A cheap and widely used steroid called dexamethasone has become the first drug shown to be able to save the lives of COVID-19 patients in what scientists say is a “major breakthrough”.
Trial results show dexamethasone, which is used to reduce inflammation in diseases such as arthritis, reduced death rates by around a third among the most severely ill COVID-19 patients admitted to hospital.
Tuesday’s preliminary results, which have not been peer-reviewed, suggest the drug should immediately become standard care in patients with severe cases of the pandemic disease, the researchers said.
ARTICLE CONTINUES AFTER THIS ADVERTISEMENT
They said they would work to publish the full details of the trial as soon as possible.
Some scientists said they wished to review the evidence for themselves.
Britain’s health ministry wasted no time, saying the drug had been approved for use in the state-run health service, export restrictions had been introduced and 200,000 courses of the treatment had been stockpiled.
Oxford University professor and trial co-leader Martin Landray said dexamethasone would save lives.
“This is a result that shows that if patients who have COVID-19 and are on ventilators or are on oxygen are given dexamethasone, it will save lives, and it will do so at a remarkably low cost,” he said.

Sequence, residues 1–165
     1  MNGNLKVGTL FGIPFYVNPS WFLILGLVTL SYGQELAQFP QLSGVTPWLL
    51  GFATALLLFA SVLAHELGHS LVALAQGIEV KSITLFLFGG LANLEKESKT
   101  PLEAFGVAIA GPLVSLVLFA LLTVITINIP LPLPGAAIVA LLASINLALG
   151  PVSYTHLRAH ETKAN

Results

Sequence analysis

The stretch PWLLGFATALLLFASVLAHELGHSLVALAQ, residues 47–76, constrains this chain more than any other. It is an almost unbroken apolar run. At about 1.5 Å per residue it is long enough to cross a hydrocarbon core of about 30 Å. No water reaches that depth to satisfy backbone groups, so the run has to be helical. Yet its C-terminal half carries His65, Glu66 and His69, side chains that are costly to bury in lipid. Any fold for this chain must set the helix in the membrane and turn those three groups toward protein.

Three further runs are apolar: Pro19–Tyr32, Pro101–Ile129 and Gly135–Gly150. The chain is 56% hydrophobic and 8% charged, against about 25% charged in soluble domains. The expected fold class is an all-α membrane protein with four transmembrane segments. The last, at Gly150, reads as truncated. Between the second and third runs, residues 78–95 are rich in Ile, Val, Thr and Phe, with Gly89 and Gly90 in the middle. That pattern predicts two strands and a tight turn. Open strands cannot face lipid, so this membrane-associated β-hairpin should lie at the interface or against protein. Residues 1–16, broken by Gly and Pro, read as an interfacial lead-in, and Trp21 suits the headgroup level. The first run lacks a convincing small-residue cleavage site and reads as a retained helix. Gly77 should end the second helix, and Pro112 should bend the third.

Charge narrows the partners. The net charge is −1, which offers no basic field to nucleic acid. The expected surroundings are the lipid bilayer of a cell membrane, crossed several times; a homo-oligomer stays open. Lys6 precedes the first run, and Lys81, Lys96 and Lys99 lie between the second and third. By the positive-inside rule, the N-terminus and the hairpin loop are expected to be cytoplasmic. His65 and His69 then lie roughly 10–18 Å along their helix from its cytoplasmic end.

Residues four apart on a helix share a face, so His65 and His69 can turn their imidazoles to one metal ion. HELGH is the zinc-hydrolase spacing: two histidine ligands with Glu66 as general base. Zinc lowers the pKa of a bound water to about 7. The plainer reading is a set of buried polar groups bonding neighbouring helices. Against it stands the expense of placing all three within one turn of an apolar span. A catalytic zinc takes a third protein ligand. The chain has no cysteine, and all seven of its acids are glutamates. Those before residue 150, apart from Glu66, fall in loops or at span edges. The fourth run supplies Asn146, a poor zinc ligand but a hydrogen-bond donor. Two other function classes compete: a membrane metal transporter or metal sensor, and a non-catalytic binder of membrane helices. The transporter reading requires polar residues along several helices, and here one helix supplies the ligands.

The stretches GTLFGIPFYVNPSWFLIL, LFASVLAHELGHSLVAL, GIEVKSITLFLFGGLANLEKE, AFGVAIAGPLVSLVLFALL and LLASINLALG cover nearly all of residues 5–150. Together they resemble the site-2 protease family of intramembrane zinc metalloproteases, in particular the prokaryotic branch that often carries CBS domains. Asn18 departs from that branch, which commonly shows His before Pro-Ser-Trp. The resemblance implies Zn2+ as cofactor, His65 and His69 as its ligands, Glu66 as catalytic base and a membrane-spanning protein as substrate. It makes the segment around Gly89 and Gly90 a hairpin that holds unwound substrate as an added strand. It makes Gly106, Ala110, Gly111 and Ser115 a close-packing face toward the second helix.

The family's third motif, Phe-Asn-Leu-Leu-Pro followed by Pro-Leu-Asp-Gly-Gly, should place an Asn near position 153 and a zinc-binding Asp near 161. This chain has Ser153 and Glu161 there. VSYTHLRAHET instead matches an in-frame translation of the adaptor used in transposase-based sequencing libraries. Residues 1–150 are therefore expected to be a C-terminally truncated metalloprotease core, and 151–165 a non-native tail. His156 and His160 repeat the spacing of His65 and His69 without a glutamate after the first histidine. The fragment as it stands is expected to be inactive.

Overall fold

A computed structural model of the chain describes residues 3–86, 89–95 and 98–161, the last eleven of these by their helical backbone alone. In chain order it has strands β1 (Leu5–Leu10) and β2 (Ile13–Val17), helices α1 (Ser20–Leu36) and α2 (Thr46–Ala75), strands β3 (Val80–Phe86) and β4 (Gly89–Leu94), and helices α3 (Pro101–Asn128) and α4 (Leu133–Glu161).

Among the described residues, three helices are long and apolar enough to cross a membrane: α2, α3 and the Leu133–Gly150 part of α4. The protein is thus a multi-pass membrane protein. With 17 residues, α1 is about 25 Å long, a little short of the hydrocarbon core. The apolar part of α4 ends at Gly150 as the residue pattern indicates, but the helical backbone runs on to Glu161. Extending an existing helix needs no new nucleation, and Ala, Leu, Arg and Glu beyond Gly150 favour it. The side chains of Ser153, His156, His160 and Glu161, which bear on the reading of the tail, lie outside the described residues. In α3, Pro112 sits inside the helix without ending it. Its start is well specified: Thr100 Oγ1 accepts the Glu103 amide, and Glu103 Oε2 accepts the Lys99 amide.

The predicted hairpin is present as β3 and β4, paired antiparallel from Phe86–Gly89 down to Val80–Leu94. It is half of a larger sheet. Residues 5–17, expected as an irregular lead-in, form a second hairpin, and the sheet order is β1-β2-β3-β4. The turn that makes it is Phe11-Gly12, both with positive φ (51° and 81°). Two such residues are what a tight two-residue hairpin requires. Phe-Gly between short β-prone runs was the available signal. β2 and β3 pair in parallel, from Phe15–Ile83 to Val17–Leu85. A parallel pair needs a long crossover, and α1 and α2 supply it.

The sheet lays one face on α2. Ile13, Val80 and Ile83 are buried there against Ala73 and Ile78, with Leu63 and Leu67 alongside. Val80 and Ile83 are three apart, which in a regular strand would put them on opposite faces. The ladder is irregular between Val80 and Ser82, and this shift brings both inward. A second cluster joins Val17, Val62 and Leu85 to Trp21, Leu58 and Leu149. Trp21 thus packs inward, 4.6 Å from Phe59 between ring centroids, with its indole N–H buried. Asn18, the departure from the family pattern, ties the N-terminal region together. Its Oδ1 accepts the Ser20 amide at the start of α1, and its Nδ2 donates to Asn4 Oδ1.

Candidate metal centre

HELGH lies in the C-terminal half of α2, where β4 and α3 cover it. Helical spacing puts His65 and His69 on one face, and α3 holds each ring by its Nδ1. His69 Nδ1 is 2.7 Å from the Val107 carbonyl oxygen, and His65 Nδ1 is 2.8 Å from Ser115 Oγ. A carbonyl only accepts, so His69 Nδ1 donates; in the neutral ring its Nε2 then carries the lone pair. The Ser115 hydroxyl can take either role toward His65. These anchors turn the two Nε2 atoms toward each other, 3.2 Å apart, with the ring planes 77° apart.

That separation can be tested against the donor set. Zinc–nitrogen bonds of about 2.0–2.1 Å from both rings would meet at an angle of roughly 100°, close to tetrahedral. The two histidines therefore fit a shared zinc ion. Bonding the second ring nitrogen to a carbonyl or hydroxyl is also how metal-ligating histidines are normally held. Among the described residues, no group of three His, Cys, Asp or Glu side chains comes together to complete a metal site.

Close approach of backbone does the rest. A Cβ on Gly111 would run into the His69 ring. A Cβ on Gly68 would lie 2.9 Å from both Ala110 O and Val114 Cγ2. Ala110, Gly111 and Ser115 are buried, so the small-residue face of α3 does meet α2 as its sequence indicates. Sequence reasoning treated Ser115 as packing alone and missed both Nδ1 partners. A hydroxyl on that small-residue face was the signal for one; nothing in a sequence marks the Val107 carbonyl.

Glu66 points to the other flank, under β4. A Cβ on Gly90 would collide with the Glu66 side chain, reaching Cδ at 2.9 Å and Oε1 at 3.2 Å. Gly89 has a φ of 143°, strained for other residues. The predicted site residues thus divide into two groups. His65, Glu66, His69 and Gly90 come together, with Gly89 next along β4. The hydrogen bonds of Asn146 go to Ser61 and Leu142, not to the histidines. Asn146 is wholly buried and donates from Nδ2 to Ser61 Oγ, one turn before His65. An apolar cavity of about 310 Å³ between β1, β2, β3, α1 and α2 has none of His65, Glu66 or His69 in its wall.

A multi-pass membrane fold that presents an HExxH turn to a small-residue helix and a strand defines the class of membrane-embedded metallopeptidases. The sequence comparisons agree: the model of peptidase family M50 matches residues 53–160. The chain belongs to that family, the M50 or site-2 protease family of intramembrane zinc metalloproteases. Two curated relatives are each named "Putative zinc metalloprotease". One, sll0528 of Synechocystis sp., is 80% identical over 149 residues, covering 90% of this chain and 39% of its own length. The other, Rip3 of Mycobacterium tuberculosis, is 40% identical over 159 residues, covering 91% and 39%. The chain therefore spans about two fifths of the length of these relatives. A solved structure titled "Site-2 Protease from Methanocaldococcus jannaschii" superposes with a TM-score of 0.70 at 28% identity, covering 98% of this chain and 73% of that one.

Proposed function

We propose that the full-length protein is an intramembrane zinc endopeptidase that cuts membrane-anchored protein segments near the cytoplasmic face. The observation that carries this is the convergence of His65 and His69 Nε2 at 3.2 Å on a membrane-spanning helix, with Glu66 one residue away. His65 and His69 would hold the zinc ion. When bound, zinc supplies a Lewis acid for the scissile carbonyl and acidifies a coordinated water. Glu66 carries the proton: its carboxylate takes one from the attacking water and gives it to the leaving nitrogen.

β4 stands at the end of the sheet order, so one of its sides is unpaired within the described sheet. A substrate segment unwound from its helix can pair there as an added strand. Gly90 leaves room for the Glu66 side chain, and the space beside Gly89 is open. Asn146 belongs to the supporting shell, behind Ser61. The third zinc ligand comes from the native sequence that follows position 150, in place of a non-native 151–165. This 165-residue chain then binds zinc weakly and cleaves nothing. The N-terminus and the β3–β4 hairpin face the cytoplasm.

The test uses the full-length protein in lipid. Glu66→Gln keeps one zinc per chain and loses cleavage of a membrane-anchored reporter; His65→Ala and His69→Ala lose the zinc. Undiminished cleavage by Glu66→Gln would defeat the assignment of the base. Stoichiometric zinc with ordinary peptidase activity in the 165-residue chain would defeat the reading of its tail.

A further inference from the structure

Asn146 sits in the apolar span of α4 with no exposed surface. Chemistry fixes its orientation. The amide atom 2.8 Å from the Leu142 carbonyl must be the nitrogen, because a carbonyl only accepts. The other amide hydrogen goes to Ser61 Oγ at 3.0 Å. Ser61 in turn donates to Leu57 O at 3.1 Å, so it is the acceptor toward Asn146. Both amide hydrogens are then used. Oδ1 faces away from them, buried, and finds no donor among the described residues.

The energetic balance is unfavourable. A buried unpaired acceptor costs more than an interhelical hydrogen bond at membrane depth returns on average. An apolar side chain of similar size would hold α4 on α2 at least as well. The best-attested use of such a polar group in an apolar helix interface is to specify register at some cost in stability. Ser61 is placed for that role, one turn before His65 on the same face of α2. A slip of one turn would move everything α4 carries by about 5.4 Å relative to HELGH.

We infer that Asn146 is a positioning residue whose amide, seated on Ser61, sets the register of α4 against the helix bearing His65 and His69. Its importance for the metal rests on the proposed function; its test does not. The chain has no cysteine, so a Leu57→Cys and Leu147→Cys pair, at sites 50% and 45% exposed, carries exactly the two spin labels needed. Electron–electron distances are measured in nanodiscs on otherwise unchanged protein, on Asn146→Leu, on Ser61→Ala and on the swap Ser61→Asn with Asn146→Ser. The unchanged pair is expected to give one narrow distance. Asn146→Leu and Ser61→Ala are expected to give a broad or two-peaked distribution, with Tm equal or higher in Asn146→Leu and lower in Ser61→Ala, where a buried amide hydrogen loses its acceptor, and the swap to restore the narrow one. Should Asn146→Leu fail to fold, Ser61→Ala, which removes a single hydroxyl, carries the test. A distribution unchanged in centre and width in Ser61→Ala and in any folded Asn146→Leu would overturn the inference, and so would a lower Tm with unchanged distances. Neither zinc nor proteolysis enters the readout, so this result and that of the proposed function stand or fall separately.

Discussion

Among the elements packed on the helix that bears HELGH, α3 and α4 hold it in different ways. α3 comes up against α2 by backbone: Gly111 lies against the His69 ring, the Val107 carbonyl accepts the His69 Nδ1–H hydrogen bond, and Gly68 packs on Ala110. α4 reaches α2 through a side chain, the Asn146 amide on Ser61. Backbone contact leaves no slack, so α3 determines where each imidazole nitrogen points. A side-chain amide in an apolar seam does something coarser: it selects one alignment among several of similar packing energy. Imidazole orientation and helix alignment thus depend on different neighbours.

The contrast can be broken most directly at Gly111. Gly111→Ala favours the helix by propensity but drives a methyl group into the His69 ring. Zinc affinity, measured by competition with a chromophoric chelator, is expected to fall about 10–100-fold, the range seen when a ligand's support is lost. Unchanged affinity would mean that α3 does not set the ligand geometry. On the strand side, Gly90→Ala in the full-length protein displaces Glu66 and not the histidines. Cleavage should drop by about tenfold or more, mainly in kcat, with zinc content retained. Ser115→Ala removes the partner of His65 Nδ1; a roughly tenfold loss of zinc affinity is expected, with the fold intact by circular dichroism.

“It’s going to be very hard for any drug really to replace this, given that for less than STG50 pounds ($90), you can treat eight patients and save a life.”
Co-lead investigator Peter Horby called dexamethasone “a major breakthrough”.
There are currently no approved treatments or vaccines for COVID-19, the disease caused by the new coronavirus, which has killed more than 431,000 people globally.
England’s chief medical officer Chris Whitty said Tuesday’s announcement was “the most important trial result for COVID-19 so far”.
The RECOVERY trial compared outcomes of around 2100 patients who were randomly assigned to get the steroid, with those of around 4300 patients who did not get it.
University of Birmingham honorary professor of clinical pharmacology Robin Ferner called for more details.
“We hope the data on which these results are based will be published as soon as possible so that doctors can confidently put the treatment into practice,” Ferner said.
The results suggest one death would be prevented by treatment with dexamethasone in every eight ventilated COVID-19 patients, Landray said.
One death would be prevented in every 25 COVID-19 patients that received the drug and were on oxygen.
New York doctor Thomas McGinn said physicians at Northwell hospitals have been using steroids on a case-by-case basis because they can suppress patients’ immune systems and possibly make them susceptible to other infections.
He said if the data is peer-reviewed and legitimised, it could spread the use of steroids in the sickest COVID-19 patients.
“Across the country now intensivists have been using it based on their judgement calls. If this is legitimate, you may find … instead of say five out of 10 intensive-care COVID patients getting it, maybe everybody would get it,” McGinn said.
© RAW 2020